a dancer hitting a fist against the air and an upset expression with the words the secret of working in the performing arts

The Secret to a Performing Arts Career

A performing arts career is not typically advised by your local high school guidance counsellor. They’re the sort of careers you expect parents to frown at, long dinners with extended family asking when you’ll get a real job.

Of course, that is all normative bull**** if you ask me. The truth is that a performing arts career can and should be as respectable as any career. The issue is simply that it’s not ‘mainstream,’ which means that you have to be a bit creative in putting things together and making ends meet.

This blog is all about how it actually works to have a performing arts career. It’s generally based on my experience, which is unusual as I’ve been in various countries. I’ve tried not to make it too country or context specific though, so I’m including things I’ve noticed along the way and what I see others doing.

In short, it’s actually a large field with a lot of possibilities inside. The general factors connecting the dots, however, are flexibility, versatility, creativity, hustling, networking, and balance (in so many ways).

Finding the Way: Working In and Around Your Field in a Performing Arts Career

One of the main tricks of working in the performing arts is finding the way to dedicate time to your craft and also pay the bills at the end of the month. Because as stated, it’s not ‘mainstream’ and somehow we’ve decided that if it’s not mainstream it’s not worth paying for.

However, that does not mean that you have to waitress by day and do your acting by night, like the girl in La La Land (I liked the movie but can’t remember a thing about the character, what does that tell you?). There are a lot of semi-adjacent jobs to the performing arts.

One hill that I will die on is the fact that performing arts education is valuable for all kinds of careers, and not just professional artists. The ability to collaborate, listen, identify ideas, respond quickly, iterate, and self-critique are baked into arts education. Sounds like something any company will find interesting, right? Exactly.

I have worked in a huge variety of jobs. I’ve assisted the director of an arts NGO, managed an office for a consulting group, taught community groups, modeled, worked at universities, appeared in social media content for everything from real estate to diet supplements, done newscasting for youtube, and much more. Never have I ever worked in retail or hospitality, and there is no need to assume that if you are an artist, that is the best option.

The one thing I insist upon, though, is working part time. In eleven years in the field, I have not had a full time job once, not since I worked at my mom’s bookstore in high school. I know that once it becomes full time, it overwhelms the balance.

This is what I mean by versatility and flexibility. Find those adjacent jobs and dip your toes in. But keep to the path, your craft. If it’s not exactly the majority of your time, it should still be the majority of your focus.

Nurture Your Networks: Collaboration is Key

One of the most common things I notice about the performing arts industry is that it gets very jealous. Because the market is not huge and there are fewer opportunities, people feel there is not enough to go around. They guard opportunities and resent others who grow larger.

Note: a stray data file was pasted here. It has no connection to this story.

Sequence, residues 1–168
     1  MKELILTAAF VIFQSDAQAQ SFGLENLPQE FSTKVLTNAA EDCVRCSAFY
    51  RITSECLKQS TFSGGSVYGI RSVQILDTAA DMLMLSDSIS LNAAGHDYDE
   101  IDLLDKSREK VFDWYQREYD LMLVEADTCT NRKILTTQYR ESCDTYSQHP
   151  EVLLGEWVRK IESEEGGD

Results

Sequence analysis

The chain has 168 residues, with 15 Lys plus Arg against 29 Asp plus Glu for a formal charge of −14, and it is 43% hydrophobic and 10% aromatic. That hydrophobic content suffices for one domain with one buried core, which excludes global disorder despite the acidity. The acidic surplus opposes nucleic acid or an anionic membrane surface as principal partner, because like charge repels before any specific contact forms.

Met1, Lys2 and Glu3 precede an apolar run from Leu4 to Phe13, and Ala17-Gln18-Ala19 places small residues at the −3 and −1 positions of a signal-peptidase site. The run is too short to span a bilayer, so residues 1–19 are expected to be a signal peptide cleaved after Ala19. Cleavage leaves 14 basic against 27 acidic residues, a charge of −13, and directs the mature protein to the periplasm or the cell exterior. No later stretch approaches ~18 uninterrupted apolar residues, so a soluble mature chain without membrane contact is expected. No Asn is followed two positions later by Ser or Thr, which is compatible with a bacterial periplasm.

This is not the way, my Mandalorian friends.

Jealousy doesn’t help you. In my experience, it’s best not to take any sides and to maintain networks and connection with as many people you can. You end up working with more people, which is more fun and interesting, and it can help you in tight spots.

This is especially true if you move around, but generally speaking networks are great even if you don’t. And this doesn’t just mean people who are doing what you do, though it’s good to be friendly with them. This is the whole network of adjacent fields. It is a lot easier to make a production if you know people who do lights, for example.

If that means going to a show that is clearly something you should have been part of but weren’t in order to support someone doing something similar, you should do that. It always pays off to be supportive.

Balance is a Dynamic Act: Stay Light

If you are a dancer, you know that balance isn’t a static thing. You have to make a thousand minute adjustments all the time. Somehow, though, we seem to expect that if you find balance in life, that’s it, you’re done.

Balance is a constant act, and it is rarely fifty-fifty. As a performing artist, you will make choices every day about work that you really want to do and work that you need to do. If you are very, very lucky those two will line up, though it’s rare. The point is, your decision each time will not be the same. The balance will not be the same.

In improv theater, especially if the audience is involved, anything could happen at any time, and the rule is, you have to roll with it. That’s true in the life of a performing artist, though you don’t have to say yes to everything (and indeed, saying no is one of the best lessons you will ever learn, trust me). You do need to balance it though, and paying close attention to what you want and what works, what you need and what you can do, that is absolutely necessary.

I’ve worked in the performing arts for close to eleven years now, and I have absolutely no regrets. It can be hard sometimes, and sometimes the balance you find is not satisfying. But it is one hundred percent worth it, and there is a way. Go forth and make art!